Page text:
Mustering from far around his grisly form

Black rains, and hailstone showers, and clouds of storm.

Here in their wrathful kingdom whirlwinds roam,

And the blasts struggle in their Alpine home.

The upward sight a swimming darkness shrouds,

And the high crags recede into the clouds.


But no rude Alp, no terror of the scene,

Moved Hannibal, undaunted and serene:

Indignant sadness only changed his brow;

As with exhorting words he quickened now

Their languid hopes and hearts: “What shame were ours,

Tired with the favor of the heavenly Powers;

Sick of our long success, those glorious bays

That crowned the labor of our well-fought days:

To turn our recreant backs on mountain snows,

And slothful yield, where only rocks are foes!

O, now my friends, e’en now, believe, ye climb

Despotic Rome’s proud walls, and tread, sublime,

The Capitol of Jove! thus, thus we gain

The prize of toil, and Tiber owns our chain.”

He spoke; nor they delayed: the troops he drew

Up the steep hills, their promised spoil in view:

Transgressed the Herculean road, and first made known

Tracks yet untrodden and a path their own:

Where inaccessible the desert rose,

He burst a passage through forbidden snows;

He, first, the opposing ridge ascending tried,

And bade the unconquerable cliff subside;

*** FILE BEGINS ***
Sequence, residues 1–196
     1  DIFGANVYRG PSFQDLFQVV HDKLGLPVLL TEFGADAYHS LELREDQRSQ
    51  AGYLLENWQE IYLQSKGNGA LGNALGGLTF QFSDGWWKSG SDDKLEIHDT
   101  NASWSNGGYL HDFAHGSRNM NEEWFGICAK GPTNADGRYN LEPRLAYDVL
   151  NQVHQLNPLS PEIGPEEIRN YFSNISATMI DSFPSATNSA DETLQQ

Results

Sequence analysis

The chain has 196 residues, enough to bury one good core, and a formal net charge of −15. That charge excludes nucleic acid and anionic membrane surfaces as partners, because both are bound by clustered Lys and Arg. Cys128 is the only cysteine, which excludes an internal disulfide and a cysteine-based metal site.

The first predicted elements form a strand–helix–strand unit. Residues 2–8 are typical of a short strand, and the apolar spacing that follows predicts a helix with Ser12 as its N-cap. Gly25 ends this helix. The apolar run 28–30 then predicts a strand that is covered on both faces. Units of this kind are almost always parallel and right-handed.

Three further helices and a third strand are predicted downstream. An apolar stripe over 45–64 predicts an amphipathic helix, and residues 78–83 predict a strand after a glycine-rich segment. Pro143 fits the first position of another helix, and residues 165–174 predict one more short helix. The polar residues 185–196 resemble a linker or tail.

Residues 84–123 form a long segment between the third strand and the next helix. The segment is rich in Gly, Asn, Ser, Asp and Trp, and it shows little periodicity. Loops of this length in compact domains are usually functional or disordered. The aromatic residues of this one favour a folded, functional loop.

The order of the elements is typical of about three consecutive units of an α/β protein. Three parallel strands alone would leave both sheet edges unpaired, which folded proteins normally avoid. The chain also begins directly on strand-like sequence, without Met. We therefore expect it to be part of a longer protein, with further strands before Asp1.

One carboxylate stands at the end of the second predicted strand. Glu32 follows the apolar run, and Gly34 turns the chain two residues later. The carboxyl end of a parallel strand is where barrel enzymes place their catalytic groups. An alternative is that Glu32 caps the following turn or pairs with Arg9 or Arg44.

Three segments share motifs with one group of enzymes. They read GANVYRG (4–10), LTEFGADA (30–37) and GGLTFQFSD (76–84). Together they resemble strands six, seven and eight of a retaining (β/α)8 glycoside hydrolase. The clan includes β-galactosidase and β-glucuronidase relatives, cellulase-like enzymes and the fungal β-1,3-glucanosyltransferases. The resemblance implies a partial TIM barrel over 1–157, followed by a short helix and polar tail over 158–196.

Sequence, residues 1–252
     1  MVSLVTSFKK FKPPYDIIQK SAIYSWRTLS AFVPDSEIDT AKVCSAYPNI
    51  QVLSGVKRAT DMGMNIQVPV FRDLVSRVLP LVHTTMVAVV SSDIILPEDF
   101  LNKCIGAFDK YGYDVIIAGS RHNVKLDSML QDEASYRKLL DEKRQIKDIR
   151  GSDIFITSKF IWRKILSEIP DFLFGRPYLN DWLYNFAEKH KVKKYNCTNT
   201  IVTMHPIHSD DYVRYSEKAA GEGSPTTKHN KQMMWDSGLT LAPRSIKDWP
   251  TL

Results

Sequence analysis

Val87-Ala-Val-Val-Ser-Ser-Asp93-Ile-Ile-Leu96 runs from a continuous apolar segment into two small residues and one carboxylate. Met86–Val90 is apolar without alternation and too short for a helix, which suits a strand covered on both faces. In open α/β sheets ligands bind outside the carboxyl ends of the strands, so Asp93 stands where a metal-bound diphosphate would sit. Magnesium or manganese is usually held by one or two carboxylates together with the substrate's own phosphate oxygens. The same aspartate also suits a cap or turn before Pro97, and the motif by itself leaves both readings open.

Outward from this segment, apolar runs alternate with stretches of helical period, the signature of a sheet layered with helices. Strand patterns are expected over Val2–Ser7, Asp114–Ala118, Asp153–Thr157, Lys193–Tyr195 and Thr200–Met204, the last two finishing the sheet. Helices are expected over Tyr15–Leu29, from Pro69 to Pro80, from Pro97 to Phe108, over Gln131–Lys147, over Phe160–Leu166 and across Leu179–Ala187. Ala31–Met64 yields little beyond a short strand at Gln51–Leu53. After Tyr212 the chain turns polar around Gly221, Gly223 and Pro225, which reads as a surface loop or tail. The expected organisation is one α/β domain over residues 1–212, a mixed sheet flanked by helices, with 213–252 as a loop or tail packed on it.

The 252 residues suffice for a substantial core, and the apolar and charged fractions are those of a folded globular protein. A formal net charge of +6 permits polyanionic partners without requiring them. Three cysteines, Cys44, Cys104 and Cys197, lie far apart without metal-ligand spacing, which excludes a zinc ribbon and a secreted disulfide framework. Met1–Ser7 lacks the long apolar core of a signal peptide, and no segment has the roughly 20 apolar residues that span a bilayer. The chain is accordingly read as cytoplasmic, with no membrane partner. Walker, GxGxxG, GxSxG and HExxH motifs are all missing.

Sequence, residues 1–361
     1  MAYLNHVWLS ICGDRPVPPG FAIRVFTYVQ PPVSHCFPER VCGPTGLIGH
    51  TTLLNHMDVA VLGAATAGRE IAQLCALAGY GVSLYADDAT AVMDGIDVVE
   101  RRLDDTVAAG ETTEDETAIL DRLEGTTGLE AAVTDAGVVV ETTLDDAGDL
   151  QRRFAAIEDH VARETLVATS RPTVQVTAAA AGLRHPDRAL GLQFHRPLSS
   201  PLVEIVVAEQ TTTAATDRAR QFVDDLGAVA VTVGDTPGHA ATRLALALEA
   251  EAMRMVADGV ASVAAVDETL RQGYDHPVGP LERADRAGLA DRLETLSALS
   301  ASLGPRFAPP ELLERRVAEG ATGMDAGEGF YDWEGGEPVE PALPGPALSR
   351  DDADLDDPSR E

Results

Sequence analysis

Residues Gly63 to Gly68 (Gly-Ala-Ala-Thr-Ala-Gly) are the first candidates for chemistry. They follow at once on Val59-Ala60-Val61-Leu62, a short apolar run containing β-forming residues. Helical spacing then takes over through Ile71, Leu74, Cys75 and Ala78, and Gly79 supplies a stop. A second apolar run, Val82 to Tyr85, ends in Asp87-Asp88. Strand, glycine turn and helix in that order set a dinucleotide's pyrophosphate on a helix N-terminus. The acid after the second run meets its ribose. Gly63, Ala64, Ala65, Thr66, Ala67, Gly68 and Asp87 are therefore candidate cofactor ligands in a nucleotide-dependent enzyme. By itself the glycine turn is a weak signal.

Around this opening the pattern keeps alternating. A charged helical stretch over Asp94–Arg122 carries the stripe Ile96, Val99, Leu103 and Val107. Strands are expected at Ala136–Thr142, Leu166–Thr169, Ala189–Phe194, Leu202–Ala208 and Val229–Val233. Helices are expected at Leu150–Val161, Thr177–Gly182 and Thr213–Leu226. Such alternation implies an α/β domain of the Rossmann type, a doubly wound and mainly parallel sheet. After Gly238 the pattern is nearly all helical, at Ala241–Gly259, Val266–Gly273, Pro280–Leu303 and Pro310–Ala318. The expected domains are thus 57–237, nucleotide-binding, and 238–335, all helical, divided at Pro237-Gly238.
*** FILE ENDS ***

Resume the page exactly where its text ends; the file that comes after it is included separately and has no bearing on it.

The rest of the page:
Cheered on the lingering troops; and, beckoning high,

Stood on the crag, and shouted from the sky.

Oft, where the slippery path belied the tread,

And concrete frost the whitening cliff bespread;

Through the reluctant ice his arm explored

The upward track, that opened to his sword.

Oft the thawed surface from the footstep shrank;

Sucked in the absorbing gulf the warriors sank;

Or from high ridge the mass of rushing snow

In humid ruin whelmed the ranks below.

On dusky wings the west-wind swept the heaven;

Full in their face the snowy whirls were driven;

Now from their empty grasp the arms are torn,

And sudden on the howling whirlwind borne;

Snatched on the blast, the wrested weapons fly,

And wheel in airy eddies round the sky.

When, striving o’er the ascent, the height they gain

With planted foot, increasing toils remain:

Yet other heights their upward view surprise,

And opening mountains upon mountains rise.


O’er jagged heights, and icy fragments rude,

Thus climb they, midst the mountain solitude;

And from the rocky summits, haggard, show

Their half-wild visage, clotted thick with snow.

Continual drizzlings of the drifting air

Scar their rough cheeks, and stiffen in their hair.

Now poured from craggy dens, a headlong force,

The Alpine hordes hang threatening on their course;

Track the known thickets, beat the mountain snow,

Bound o’er the steeps, and hovering hem the foe.

Here changed the scene; the snows were crimsoned o’er,

The hard ice trickled to the tepid gore.

With pawing hoof the courser delved the ground,

And rigid frost his clinging fetlock bound:

Nor yet his slippery fall the peril ends;

The fracturing ice the bony socket rends.

Twelve times they measured the long light of day,

And night’s bleak gloom, and urged through wounds their way;

Till on the topmost ridge their camp was flung,

High o’er the steepy crags, in airy distance, hung.